In favor of Gandhi's legacy
The proponents of non-violence in the territories say they won't allow anyone - not the Hamas zealots who prefer violence, and not even Yasser Arafat, who grew used to speaking in two tongues - from budging their principled position against violence.
Shadan Abu-Hajla was 50 years old when she died on Friday from an Israeli soldier's bullet as she sat embroidering in Rafadiyeh park in Nablus. Her husband, an elderly, well-known doctor, was wounded in the head, and their son got a bullet in the neck. Abu Hajla was the neighborhood coordinator of a Nablus women's organization which, since the intifada, has been providing aid to the needy and preaching non-violent civil disobedience as a form of resistance to the occupation.
Anan Kadri, a nurse, is one of the group's leaders and paid a condolence call on the Abu Hajla family yesterday. She said that even after the terrible murder she and her friends would keep marching toward Israeli tanks, armed only with fresh flowers. No act of Israeli violence will change their minds, which have not been changed by the events of the last two years, that the struggle against the occupation does not justify violence against Israeli civilians.
The political and military establishments have been slow to recognize the value of the transition, particularly in the West Bank, from a violent intifada to non-violent popular unrest. Even now, the Shin Bet insists that these are local groupings, essentially marginal and that the Fatah and Tanzim have lost control over dozens of gangs scattered amid the neighborhoods and villages. But Chief of Staff Moshe Ya'alon, who is informed by Military Intelligence, has deigned to recognize the importance of the change, saying his iron fist should get the credit for the "Palestinian soul-searching."
Emphasizing the seemingly intrinsic and obvious connection between the tough measures the IDF is taking in the territories and the institutionalization of the internal criticism of the suicide bombings is not merely patting oneself on the back. The message between the lines is that now is not the time to stop. Let the IDF win a little bit more, and more Palestinians will lay down their weapons. Let Ya'alon "exterminate the terrorist nests in Gaza" and you'll see how they will also understand that violence doesn't pay.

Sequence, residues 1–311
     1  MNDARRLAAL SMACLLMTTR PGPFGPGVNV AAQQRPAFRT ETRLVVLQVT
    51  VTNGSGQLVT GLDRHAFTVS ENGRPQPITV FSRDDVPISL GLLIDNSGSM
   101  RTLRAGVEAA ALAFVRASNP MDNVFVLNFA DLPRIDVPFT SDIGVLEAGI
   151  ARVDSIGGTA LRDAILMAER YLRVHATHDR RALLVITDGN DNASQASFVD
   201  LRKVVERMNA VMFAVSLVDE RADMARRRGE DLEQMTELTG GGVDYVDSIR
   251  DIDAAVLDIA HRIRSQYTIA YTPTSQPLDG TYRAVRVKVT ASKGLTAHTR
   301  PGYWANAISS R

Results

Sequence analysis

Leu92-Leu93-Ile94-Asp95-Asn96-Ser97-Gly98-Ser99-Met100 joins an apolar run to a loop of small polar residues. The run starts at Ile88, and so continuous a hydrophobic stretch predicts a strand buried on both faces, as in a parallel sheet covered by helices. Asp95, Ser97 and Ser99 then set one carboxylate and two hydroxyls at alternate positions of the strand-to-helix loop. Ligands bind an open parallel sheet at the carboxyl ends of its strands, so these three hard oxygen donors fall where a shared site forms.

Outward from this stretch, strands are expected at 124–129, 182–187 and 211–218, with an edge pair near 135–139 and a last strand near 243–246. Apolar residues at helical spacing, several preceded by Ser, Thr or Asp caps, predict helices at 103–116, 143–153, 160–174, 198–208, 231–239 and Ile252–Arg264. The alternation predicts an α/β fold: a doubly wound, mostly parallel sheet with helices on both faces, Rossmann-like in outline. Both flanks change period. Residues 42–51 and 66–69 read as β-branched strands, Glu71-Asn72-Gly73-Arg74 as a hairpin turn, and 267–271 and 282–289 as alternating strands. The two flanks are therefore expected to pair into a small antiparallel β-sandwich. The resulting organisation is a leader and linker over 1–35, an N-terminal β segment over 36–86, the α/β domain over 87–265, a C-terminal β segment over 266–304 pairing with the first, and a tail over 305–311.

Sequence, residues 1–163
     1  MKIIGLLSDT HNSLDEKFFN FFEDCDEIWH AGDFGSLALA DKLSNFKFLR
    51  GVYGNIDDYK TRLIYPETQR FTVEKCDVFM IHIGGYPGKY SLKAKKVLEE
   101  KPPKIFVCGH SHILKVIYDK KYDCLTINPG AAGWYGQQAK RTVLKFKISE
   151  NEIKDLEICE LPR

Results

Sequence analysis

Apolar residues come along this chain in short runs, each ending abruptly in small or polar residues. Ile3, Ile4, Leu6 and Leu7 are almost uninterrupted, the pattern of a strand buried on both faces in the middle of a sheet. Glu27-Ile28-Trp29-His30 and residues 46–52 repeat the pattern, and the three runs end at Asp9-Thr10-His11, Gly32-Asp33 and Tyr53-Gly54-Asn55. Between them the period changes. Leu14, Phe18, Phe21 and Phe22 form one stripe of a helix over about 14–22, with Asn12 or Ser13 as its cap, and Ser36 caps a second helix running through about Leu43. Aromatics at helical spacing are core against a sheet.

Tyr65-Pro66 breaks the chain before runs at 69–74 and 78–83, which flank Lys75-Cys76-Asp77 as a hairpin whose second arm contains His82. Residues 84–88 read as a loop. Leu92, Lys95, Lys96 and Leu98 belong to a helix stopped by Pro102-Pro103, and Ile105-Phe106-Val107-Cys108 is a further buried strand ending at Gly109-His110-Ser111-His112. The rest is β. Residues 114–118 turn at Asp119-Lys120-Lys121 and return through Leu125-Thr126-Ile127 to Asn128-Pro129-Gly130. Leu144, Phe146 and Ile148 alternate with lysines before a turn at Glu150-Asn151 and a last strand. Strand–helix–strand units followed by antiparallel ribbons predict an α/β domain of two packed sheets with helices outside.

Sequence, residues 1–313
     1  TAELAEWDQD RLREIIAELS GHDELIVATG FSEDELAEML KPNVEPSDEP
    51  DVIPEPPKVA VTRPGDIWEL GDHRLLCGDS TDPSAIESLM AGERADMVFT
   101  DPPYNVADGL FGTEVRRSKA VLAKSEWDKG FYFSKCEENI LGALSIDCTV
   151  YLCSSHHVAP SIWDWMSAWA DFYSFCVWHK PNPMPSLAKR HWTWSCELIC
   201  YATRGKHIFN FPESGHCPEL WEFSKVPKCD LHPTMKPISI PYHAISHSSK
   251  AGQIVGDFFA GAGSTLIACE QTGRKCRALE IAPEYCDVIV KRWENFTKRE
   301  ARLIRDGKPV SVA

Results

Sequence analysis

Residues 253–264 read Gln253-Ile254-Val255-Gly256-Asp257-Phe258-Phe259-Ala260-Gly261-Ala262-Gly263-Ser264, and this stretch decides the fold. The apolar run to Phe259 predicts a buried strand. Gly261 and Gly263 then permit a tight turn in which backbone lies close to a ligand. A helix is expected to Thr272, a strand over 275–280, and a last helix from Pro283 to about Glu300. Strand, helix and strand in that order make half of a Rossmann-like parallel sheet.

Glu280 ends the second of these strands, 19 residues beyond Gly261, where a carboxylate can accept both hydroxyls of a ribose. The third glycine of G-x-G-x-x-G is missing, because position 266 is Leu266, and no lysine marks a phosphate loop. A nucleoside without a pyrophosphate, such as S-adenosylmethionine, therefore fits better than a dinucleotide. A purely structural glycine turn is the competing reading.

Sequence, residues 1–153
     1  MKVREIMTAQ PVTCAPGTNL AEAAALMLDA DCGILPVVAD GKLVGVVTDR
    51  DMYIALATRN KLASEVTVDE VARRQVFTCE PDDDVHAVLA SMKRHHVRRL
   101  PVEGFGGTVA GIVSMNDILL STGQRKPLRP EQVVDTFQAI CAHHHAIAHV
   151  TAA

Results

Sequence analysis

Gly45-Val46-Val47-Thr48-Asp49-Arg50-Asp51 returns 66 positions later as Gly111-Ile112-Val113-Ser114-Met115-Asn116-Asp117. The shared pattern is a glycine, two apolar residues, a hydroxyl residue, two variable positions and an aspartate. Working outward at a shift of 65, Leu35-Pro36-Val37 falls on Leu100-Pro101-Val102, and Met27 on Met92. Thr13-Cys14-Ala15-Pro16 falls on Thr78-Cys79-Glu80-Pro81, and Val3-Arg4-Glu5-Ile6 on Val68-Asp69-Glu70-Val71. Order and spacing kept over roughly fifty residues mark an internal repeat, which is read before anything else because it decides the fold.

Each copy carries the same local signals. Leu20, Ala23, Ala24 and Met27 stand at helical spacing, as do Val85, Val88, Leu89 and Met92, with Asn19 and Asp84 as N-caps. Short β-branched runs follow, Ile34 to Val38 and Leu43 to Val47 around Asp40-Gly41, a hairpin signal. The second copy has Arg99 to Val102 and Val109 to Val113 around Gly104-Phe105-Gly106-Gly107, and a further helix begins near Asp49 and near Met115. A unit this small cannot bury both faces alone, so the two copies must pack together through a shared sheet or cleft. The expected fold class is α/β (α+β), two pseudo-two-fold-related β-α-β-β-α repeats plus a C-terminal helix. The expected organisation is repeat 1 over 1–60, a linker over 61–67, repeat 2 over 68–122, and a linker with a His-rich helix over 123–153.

Maybe that's why the IDF is in no hurry to expose the peace marches by the women and children in Nablus to the Israeli public and to world opinion: Ya'alon needs a few more months (years?) to finish his mission of "searing the Palestinian consciousness." If they take the cessation of violence too seriously, it could increase international pressure on Israel to end the renewed occupation. The joint demonstration on Saturday by Palestinian peace activists and hundreds from Ta'aysuh, the Israeli Jewish-Arab cooperation group, was rebuffed by tear gas fired by IDF troops.
In the Fatah leadership they're saying that if the situation were not so sad, Ya'alon's superficial patting of his own shoulder would amuse them. True, they understand that the terrorist attacks won't move the Sharon government from a single settlement ("or, as you call them, outposts"). But they have no intention of accepting the occupation and won't give up a centimeter of the 22 percent of historic Palestine they claim as theirs. Unlike you, they say, we have reached the conclusion that what wasn't achieved through force won't be won by more force, and that a child pushing a flower into a tank barrel advances our cause a thousand times more than a thousand bullets bouncing off that tank.
The proponents of non-violence in the territories say they won't allow anyone - not the Hamas zealots who prefer violence, and not even Yasser Arafat, who grew used to speaking in two tongues - from budging their principled position against violence. On the one hand, Arafat's declining stature in the world and especially in Israeli eyes, doesn't leave him any chance to turn into the Palestinian Mahatma Gandhi. On the other hand, there's no outstanding charismatic leader in the Palestinian political and intellectual communities who has gone down to the street and stood at the front of the crowd. At most they appear briefly in front of the TV cameras and then go home to wipe off the dust.
In Israel, meanwhile, the only reference to Gandhi is to the one from the Transfer party. True, a poll published recently by Tel Aviv University on behalf of Search for Common Ground shows that every second Israeli (57 percent) supports the right of the Palestinians to non-violent protest. But these many, good people, who could do a lot to get the violence out of the conflict, aren't getting out of their armchairs. Unfortunately, particularly for those who will lose loved ones, the established, Zionist left still hasn't shaken off the traumatic myth that "Barak gave the Palestinians everything and they responded with violence."
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